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by Dr Kate Hatton

To make arts education inclusive is a work in progress. But Is it not an area in which creative practice is encouraged and where all such variety of creative expression is allowed? Accessing art education is easy, surely, as long as you are ‘creative’?

It doesn’t always work that way.

The long-held assumptions about what constitutes art, and whose art is worthy of study, are already being widely scrutinized. And there are questions of identity in relation to higher arts education that necessitate a focus on equality and diversity: on race, gender, class, dis/ability, class, and the inter sectional nature of identity. All this got collaborative dialogue going in various arts education institutions – bringing people together to work on inclusion ideas in different fields of art.

For art education to work successfully for its diverse cohorts, students’ creative and social identities need to be understood and addressed within the curriculum. We involved students in the process of researching inclusion, as some of the chapters relate. Their research led students into journeys of discovery at London galleries as well as in the studio/lecture hall, so making art education research both inclusive and fun.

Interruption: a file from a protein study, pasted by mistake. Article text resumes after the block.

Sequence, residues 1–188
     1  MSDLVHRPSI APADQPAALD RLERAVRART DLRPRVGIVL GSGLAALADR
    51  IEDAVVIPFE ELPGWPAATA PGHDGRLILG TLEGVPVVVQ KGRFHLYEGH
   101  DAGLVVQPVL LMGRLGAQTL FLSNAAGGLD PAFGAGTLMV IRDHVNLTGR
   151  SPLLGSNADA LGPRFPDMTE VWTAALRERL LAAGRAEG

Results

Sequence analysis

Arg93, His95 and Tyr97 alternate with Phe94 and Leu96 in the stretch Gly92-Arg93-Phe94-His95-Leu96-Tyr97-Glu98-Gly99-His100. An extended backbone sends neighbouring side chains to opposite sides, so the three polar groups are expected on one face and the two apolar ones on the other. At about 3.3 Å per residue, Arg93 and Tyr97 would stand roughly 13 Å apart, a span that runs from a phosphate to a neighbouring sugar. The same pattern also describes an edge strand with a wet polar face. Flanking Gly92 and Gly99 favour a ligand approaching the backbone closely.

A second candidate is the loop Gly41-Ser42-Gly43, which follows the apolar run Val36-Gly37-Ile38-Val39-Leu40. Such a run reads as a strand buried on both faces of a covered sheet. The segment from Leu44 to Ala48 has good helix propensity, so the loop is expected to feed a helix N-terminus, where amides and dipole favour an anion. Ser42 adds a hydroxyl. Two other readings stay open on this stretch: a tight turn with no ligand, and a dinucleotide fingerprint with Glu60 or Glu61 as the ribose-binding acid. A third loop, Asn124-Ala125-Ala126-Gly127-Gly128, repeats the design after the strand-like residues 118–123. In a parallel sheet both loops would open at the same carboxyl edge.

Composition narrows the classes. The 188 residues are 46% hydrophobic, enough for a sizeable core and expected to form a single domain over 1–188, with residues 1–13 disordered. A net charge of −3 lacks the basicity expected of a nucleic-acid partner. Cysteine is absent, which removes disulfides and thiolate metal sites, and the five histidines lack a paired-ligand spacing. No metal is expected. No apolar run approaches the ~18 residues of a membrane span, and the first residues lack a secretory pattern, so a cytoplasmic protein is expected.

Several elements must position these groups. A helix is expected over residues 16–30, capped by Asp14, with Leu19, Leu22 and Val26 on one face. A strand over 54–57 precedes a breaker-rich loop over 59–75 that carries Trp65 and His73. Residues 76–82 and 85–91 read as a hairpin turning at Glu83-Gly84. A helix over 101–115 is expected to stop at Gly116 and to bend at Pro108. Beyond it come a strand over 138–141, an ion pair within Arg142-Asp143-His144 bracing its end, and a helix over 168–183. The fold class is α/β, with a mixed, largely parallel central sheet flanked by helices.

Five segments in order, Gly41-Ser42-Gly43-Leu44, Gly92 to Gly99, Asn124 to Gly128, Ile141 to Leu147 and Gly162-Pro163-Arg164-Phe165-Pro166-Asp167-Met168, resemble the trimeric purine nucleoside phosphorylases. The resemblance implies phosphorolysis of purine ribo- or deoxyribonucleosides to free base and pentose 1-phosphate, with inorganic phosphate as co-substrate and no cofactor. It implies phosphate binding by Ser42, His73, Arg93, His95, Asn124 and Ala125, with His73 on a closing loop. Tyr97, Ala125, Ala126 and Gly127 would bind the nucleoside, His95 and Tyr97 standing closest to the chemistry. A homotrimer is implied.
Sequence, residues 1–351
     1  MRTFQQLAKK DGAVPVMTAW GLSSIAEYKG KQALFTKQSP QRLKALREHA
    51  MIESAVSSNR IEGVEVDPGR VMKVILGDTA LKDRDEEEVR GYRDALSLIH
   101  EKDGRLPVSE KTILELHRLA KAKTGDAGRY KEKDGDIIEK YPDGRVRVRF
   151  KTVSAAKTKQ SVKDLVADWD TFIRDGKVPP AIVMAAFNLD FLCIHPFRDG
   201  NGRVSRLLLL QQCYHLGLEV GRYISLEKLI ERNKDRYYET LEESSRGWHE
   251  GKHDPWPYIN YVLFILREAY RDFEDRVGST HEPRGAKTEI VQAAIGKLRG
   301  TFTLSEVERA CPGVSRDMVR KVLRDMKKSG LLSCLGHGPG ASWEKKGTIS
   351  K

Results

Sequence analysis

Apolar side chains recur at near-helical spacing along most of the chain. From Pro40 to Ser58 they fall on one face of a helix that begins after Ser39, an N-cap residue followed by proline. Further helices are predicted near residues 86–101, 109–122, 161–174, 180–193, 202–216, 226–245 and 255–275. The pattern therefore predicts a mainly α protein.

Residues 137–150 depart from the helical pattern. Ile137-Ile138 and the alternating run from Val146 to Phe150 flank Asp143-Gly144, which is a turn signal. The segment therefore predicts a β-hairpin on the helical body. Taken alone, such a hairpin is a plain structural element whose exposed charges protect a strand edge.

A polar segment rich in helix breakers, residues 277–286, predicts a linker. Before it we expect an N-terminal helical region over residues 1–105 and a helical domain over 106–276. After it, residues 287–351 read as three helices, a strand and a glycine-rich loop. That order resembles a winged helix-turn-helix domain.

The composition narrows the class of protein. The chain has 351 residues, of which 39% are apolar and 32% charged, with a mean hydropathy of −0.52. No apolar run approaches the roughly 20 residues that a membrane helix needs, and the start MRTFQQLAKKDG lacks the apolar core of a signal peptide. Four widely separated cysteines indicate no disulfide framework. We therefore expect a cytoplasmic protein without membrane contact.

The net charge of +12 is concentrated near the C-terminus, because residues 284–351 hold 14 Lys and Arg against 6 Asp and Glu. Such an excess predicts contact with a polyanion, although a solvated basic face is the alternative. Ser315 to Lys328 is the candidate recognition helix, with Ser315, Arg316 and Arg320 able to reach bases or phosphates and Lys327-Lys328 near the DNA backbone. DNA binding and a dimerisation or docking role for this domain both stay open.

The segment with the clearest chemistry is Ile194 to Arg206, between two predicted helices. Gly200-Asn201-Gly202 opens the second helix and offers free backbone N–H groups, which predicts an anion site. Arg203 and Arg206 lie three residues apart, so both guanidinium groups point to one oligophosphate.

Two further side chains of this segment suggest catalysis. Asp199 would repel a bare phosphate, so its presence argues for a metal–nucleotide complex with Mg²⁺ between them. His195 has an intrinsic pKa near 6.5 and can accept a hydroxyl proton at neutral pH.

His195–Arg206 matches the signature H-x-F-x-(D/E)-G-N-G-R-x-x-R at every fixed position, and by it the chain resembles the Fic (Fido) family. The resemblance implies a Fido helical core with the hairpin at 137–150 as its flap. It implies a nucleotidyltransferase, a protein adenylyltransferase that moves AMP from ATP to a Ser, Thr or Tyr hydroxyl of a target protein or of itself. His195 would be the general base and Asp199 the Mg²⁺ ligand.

The staff in these art education settings researched ways to promote themes around the psychological and philosophical contexts of arts based learning. They engaged with key matters of exclusion and sought curriculum solutions, such as counterstorytelling, post colonial encounters, and workshop-based teaching practices. And they applied theories drawn from other disciplines, such as critical race theory and critical disability studies.

The result marks a stage in a long and essential transformation of the ways to teach art and a signposts the direction forward. Towards an Inclusive Arts Education questions the fundamental assumptions we make about the arts, about art and design education, and about students and the institutions they attend. And it postulates some answers, shaping a new approach to arts education and an exciting and original setting for new forms of creative practice to emerge, benefiting all students, the staff and the reputation of the institutions.

Dr Kate Hatton is Head of Inclusive Education Programmes at University of the Arts, London. Her book,Towards an Inclusive Arts Education, published by Trentham Books at IOE Press is out now.

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